The above says we could take $A = -3$ and then $x$, $y$, and $z$ are \begin{align*} -1, 1-\sqrt{2}, \text{ and } 1+\sqrt{2} \text{.} \end{align*} The sum of the two conjugates is $2$ and adding the first, the sum of all three is $1$. The product of the conjugates is $1 - 2 = -1$, since this is an example of a difference of two squares, and so the product of all three is $1$.
$x+y+z=1$ defines a plane in $\mathbb{R}^3$.
That plane contains the point $P = (1,0,0)$ where the product equals $0$.
That plane also contains the point $Q = (3,-1,-1)$ where the product equals $3$.
The line segment $$\overline{PQ} = \{(1-t)P+tQ \,\bigm|\, 0 \le t \le 1\} = \{(1 + 2t,-t,-t) \, \bigm| \, 0 \le t \le 1\} $$ lies entirely in that plane. So by the intermediate value theorem, that line segment contains a point where the product equals $1$.
We can get more explicit, finding coordinates of the desired point $(1+2t,-t,-t)$ by setting $$(1+2t)(-t)(-t)=1 $$ and solving the resulting cubic equation $$2t^3 + t^2 - 1 = 0 $$ for a root in the interval $0 \le t \le 1$ (which exists, of course, by the intermediate value theorem). I used http://www.tiger-algebra.com to get $t \approx 0.657298088$, and so the point is, approximately, $$(2.314596176,-0.657298088,-0.657298088) $$
Consider the polynomial $$P(t)=(t-x)(t-y)(t-z)=t^3-t^2+pt-1$$ Where $p=xy+xz+yz$. The discriminant of the general cubic ($ax^3+bx^2+cx+d$) is $\Delta=b^2c^2-4ac^3-4b^3d-27a^2d^2+18abcd$, and $\Delta\geq 0$ if and only if all 3 roots are real. The discriminant of $P(t)$ is $\Delta=-4p^3+p^2+18p-31$. Solving the inequality $\Delta\geq 0$ you get $$p\leq\frac{1}{12}\left(1-\frac{217}{\sqrt[3]{6371-624\sqrt{78}}}-\sqrt[3]{6371-624\sqrt{78}}\right)\approx -2.6107$$ So whenever that inequality is satisfied the roots of $t^3-t^2+pt-1$ are real and their sum and product is 1.
Given $x$ and the requirements $x + y + z = xyz = 1$, we can derive possible values for $y$ which in turn fully determines $z$.
Substituting $z = 1 - x - y$ in $xyz = 1$:
$$xy (1 - x - y) = 1$$ $$xy - x^2y - xy^2 = 1$$ $$(-x)y^2 + (x - x^2)y - 1 = 0$$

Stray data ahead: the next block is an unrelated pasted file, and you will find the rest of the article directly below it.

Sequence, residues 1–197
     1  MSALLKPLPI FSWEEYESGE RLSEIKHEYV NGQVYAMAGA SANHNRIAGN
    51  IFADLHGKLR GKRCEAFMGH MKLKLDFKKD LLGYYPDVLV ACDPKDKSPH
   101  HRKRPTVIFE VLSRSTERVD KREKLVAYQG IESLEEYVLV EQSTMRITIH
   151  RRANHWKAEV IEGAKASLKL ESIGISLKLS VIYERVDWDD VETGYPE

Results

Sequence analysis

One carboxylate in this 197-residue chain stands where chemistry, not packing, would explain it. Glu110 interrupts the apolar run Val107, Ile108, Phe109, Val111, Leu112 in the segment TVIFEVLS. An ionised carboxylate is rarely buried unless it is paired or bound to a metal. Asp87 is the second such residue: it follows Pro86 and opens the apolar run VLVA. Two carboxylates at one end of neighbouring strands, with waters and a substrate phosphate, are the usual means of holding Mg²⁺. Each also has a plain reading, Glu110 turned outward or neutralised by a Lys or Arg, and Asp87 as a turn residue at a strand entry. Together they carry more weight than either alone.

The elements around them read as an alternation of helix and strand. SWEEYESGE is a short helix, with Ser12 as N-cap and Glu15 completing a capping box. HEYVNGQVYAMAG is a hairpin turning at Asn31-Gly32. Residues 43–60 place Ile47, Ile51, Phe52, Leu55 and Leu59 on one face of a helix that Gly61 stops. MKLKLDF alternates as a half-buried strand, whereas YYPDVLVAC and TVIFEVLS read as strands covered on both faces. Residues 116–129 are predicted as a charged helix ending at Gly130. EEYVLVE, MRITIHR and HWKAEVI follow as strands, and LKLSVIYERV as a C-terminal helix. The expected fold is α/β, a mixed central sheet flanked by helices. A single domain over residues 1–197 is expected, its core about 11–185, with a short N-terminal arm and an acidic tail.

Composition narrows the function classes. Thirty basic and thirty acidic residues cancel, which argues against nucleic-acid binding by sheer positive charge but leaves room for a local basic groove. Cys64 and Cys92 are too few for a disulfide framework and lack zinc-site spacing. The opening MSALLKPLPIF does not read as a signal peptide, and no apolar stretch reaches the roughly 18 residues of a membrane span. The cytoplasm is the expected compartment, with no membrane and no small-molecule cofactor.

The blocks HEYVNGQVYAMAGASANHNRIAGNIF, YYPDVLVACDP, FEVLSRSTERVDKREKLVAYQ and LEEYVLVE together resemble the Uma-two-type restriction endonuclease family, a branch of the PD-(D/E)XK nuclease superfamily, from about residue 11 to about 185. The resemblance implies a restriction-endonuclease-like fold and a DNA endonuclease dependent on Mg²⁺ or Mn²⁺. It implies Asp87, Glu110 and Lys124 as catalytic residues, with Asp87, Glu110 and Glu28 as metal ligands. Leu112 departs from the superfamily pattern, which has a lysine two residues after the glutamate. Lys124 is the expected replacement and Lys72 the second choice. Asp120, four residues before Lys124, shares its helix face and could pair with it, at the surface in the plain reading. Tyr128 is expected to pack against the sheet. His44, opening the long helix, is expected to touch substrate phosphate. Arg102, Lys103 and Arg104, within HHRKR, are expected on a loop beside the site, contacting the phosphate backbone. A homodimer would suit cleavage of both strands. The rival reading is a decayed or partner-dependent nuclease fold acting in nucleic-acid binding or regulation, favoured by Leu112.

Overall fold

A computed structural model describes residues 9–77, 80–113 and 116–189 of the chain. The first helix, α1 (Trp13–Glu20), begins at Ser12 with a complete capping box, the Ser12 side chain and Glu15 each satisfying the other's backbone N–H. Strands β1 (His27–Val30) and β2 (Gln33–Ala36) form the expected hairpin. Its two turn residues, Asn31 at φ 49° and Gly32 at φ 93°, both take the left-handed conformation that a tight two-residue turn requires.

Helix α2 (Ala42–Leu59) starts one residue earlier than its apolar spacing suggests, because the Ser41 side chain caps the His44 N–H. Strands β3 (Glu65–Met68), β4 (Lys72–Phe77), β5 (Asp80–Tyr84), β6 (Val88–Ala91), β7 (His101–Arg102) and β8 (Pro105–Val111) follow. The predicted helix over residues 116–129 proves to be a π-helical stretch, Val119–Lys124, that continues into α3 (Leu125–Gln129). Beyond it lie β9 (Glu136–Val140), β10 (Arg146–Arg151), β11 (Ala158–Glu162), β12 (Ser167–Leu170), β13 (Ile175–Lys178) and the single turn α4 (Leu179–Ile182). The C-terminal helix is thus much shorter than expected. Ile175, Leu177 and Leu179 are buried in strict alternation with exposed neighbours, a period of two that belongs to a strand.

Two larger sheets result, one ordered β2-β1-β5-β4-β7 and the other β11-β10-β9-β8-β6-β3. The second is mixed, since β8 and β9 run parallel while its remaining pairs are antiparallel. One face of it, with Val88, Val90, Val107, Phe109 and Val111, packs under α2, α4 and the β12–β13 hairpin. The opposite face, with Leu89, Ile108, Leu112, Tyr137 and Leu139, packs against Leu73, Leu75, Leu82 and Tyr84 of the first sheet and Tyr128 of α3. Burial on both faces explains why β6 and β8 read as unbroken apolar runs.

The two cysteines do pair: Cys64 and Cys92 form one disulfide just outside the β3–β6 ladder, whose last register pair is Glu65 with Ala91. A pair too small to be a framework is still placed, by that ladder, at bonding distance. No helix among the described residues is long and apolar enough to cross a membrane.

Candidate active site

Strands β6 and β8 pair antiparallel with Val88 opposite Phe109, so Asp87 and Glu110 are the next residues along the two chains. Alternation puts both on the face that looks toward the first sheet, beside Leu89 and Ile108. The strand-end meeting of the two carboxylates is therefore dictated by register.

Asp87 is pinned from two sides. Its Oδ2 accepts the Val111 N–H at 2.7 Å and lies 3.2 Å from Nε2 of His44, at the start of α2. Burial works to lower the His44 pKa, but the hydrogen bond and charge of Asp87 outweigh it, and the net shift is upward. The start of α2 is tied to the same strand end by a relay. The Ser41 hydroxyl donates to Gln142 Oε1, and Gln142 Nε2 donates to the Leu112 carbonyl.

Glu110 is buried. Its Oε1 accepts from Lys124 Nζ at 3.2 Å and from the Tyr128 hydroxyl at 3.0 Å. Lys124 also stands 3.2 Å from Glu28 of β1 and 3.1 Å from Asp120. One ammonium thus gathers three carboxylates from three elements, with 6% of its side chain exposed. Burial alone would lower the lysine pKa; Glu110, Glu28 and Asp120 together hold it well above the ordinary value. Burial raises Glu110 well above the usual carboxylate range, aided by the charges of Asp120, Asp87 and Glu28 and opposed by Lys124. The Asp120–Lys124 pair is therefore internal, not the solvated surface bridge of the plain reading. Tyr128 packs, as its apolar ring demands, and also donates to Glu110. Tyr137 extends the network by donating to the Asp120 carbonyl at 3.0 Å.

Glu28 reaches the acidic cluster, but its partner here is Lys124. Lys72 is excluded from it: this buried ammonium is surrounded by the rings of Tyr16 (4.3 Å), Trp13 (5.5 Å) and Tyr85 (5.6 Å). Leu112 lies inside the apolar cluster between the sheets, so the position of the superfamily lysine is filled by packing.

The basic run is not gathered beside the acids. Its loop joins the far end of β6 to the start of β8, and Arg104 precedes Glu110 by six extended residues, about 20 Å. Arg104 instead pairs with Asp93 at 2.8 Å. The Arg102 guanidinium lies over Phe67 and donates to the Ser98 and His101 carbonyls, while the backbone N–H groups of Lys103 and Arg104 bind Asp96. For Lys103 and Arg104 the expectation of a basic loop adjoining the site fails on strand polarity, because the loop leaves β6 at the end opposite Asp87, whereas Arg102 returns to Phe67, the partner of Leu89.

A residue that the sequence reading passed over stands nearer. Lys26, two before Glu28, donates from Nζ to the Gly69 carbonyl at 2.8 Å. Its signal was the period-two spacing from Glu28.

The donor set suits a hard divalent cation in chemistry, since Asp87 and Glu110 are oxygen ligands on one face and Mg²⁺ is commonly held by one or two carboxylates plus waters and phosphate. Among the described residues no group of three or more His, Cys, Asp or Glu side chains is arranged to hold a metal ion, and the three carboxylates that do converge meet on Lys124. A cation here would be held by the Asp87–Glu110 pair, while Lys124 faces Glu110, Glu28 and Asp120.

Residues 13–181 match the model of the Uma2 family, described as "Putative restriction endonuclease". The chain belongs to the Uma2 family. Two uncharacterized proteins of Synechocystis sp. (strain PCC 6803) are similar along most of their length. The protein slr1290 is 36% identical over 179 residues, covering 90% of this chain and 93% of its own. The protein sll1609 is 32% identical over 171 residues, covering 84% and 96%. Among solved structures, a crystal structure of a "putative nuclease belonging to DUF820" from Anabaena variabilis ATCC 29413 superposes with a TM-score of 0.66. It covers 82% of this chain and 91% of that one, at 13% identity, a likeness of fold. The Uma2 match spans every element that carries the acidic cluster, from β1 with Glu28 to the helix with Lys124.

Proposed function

The quadratic formula now tells us that y is given by:
$$y = {-(x - x^2) \pm \sqrt{(x - x^2)^2 - 4x} \over -2x}$$ $$y = \frac{1-x}{2} \pm {\sqrt{x^4 - 2x^3 + x^2 - 4x} \over 2x}$$
Before tackling the domain, consider this:
$$y = \frac{1-x}{2} \pm R(x)$$ $$z = 1 - x - (\frac{1-x}{2} \pm R(x))$$ $$z = \frac{1 - x}{2} - (\pm R(x))$$
Thus the sign of the square root is irrelevant, as it merely swaps $y$ and $z$ around. Now all that remains is finding the domain for $x$ such that the solution is real. This means $x^4 - 2x^3 + x^2 - 4x > 0$. You can take the time to solve this by hand (it's actually a cubic), or plug it straight into your favourite CAS and find out it's:
$$x < 0 \vee x > \frac{2+\sqrt[3]{53-6\sqrt{78}}+\sqrt[3]{53+6\sqrt{78}}}{3}$$ $$X < 0 \vee x > 2.3146...$$
So the final parametric solution is:
$$R(x) = {\sqrt{x^4 - 2x^3 + x^2 - 4x} \over 2x}$$ $$\{x, y, z\} = \left\{x, \frac{1 - x}{2} - R(x), \frac{1 - x}{2} + R(x)\right\}$$
If any are zero the product is zero. If all are positive all are less than 1 and the product is less than one so at least one is negative. If three or one are negative then the product is negative so two are negative and one is positive.
Wolog $x \le y < 0; z = 1-(x + y)$ or lets relable $y = -a; a > 0; x = -a - e; e \ge 0; z = a+ e + 1$
So we must solve $a(a+e)(1+a+e) = 1$ so $a(e^2 + (1+2a)e + a(1+a) - \frac 1a) = 0$ so $e = \frac{-1-2a \pm \sqrt{4a^2+4a + 1 - 4(a(1+a) - \frac 1a})}{2}= \frac{-1-2a + \sqrt{ 1 + \frac 4a}}{2}$ with the condition $a > 0$ and $1+ \frac 4a \ge (1 + 2a)^2$ or $a^3 + a^2 \le 1$ of which there are no doubt an infinite number of solutions.
General case: $r$ being an arbitrary real number.
The point $(r,0,0)$ belongs to the plane $x+y+z=r$.
The point $(x,y,z)=((r-a), \dfrac{a}{2} , \dfrac{a}{2} )$ also belongs to this plane because $(r-a)+ \dfrac{a}{2}+ \dfrac{a}{2}=r$.
Consider function $b=f(a)= (r-a) \dfrac{a}{2} \dfrac{a}{2}-r $.
This is a continuous cubic function with the parameter $r$ so it has values from $+\infty$ to $-\infty$ and it is assured that this function crosses line $b=0$ so we have at least one real solution $a_1$ for the equation $(r-a) \dfrac{a}{2} \dfrac{a}{2} =xyz=r$
Therefore real solution for the set of equations in the question always exists .
See picture below for some cases of $r$
As there are two equations in three unknowns, you a free to set one unknow.
Now solve
$$\begin{cases}x+y=1-z,\\xy=\dfrac1z,\end{cases}$$
which gives
$$x,y=\frac12\left(1-z\pm\sqrt{(1-z)^2-\frac4z}\right).$$
Solutions exist when the discriminant is non-negative,
$$(1-z)^2-\frac4z\ge0.$$
This is certainly true for values of $z$ above $3$ (more precisely the real root of $z^3-2z^2+z-4=0$), or negative.
For example $-\dfrac32+\sqrt2,-\dfrac32-\sqrt2,4$.
There is no solution with $x,y,z>0$.
Another approach: as already noted in other answers, in view of Viète's formulas, you are asking whether there exists $a\in\mathbb{R}$ such that $t^3-t^2+at-1=0$ has three real solutions.
Equivalently, you are asking whether there is an $a$ such that the graphs of $y=t^3-t^2-1$ and $y=at$ intersect in three points. Equivalently, you are asking whether there is a line through the origin that intersects the graph of the cubic $y=t^3-t^2-1$ in at least two points.
If you plot this curve it's not complicated to find one graphically, for instance use plot t^3-t^2-1 and 10t in [-4,4]
in Wolfram Alpha:
A negative fact after many positive solutions: you'll never find a solution with 3 positive numbers! In fact in that case AM-GM holds $$\frac{x+y+z}{3}\geq \sqrt[3]{xyz} $$ which would give $$\frac{1}{3} \geq 1$$